That old saying that "necessity is the mother of invention" was never truer that doing home renovation projects or working in the workshop. As a rule I don't mind doing home reno projects, but I like to work at them at my own speed. This is because the always take at least four times longer for me to complete that what I calculated they would take. Not long ago, after having an "Energy Audit" done on our house, it was deemed that several areas of the house needed to be redone, including some previously un-insulated concrete walls and all the windows in house, to name only a couple of the projects.

Both of these projects required major renovation work to be done in my woodworking shop which meant it would be out of commission ... and guaranteed, for longer than I would expect, since two of the walls needed complete rebuilding, insulating and re-surfacing. I was fine with doing the work, and have done this kind of work before, but I am slow at it because I am not a pro at doing it.

This combined with the fact that the walls would need to have all pieces custom cut, and that I had to work around all the existing power and shop tools as there was no other place they could be stored. Next I knew would be the dredded re-surfacing ...

Everything was going fine until it came time to start installing the sheetrock or gypsum board. I had no problem putting it up, but I could never seem to find the screws, or when I did I was always running out of them. I tried using a puch apron but that was awkward and it made wonder what the pros do? I'm sure they must have some sort of a method?  Every time I would install a new sheet, I would always be looking around for some screws to hold it in place while so I could go and get more screws to secure it to the wall. What I ended up doing was installing a strip of self-sticking velcro onto my drill-driver. On the exposed side, which was also sticky I stuck three little 1/2 inch round earth magnets. These magnets hold a LOT of sheetrock screws, so now finding them was easy. I wondered about the earth magents affecting the drills motor, so I placed it as far away fromt he motor as possible. I checked the magnets and found that they really have very little affect on anything unless they are tuching it, so their field of magnetism is very small, and not enough to penetrate the shell of the drill, and certainly not enough to worry about affecting a battery driven motor.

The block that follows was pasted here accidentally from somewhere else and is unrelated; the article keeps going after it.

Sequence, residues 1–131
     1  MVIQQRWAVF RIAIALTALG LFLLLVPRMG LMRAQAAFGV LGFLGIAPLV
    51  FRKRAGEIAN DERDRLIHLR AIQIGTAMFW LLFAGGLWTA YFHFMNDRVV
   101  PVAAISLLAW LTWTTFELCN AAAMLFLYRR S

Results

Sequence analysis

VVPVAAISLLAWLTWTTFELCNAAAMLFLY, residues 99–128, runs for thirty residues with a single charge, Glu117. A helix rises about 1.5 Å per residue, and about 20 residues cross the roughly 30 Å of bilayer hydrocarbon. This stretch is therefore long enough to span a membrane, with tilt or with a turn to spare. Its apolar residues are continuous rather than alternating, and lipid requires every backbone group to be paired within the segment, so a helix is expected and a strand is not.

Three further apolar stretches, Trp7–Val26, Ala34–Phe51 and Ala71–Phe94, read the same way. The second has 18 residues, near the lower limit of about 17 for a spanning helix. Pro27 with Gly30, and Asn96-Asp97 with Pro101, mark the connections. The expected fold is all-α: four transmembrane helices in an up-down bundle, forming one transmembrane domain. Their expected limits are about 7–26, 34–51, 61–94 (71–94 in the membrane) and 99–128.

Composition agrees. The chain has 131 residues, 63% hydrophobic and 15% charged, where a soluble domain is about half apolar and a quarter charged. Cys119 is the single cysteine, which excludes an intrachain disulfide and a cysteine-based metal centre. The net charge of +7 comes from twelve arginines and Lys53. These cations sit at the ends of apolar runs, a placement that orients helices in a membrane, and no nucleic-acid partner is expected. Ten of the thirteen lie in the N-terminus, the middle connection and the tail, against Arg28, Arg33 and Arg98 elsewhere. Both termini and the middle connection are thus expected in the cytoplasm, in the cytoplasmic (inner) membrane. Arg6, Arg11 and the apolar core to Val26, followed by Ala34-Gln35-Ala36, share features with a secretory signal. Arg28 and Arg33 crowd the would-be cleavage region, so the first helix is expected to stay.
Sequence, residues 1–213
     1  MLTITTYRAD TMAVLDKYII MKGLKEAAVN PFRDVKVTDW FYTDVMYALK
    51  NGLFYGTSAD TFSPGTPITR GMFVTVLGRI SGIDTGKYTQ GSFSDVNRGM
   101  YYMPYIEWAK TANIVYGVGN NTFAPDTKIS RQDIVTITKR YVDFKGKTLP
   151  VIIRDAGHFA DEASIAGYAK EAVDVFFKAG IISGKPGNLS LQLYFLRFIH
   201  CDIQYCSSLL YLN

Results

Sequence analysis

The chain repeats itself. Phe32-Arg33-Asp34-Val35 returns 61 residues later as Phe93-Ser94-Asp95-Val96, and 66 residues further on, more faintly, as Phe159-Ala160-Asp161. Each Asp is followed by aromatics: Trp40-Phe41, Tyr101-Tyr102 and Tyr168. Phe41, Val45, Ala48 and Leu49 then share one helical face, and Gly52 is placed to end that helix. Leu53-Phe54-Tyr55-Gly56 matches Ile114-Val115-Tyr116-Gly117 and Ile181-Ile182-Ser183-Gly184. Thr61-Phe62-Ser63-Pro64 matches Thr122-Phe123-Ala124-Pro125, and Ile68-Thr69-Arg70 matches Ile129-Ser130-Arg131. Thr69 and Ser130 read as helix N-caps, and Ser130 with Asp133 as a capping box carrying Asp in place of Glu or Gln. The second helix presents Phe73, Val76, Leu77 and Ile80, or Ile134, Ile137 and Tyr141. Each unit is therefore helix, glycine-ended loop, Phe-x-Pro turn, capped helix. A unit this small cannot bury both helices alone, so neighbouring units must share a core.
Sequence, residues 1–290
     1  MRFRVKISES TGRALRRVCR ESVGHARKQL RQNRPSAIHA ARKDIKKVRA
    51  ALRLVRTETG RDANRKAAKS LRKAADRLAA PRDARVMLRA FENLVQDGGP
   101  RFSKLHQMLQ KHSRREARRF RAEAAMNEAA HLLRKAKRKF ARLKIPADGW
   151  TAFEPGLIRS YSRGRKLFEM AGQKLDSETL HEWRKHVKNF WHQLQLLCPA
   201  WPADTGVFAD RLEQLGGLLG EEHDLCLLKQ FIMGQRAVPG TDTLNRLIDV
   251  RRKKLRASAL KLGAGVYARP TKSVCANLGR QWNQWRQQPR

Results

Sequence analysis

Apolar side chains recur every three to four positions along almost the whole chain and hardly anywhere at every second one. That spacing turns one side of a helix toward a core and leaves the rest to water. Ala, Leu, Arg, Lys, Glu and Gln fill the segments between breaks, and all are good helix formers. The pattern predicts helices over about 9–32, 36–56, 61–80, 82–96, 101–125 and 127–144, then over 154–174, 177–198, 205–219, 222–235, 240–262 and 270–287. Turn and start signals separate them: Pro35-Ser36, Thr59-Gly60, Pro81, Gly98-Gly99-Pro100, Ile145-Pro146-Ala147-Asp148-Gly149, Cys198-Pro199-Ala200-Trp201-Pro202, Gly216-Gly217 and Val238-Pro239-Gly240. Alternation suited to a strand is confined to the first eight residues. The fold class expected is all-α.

After using my driver with the magnets on it for a while, I started to realize just how handy this was. I often seem to be re-doing or un-doing something or other, and usually there are nuts and bolts and washers to worry about, not I just plunk them onto the magents and I know where they are. A very easy and simple way to keep track of drill-driver nuts, bolts, screws, washers and other connectors, and it's a simple easy way add productivty to your drills and drivers.

 ... and by the way, I did find out what the "Pros" do, apparently (I am told) they simply hold a fist full of screws in one hand and the drill in the other and with this method, they can plow through a sheetrock job in no time. I'm sure their dexterity with holding the screws and getting them ready would be something we would all love to achieve. Amazing what necessity achieves!!

Copyright - Colin Knecht
woodworkweb.com

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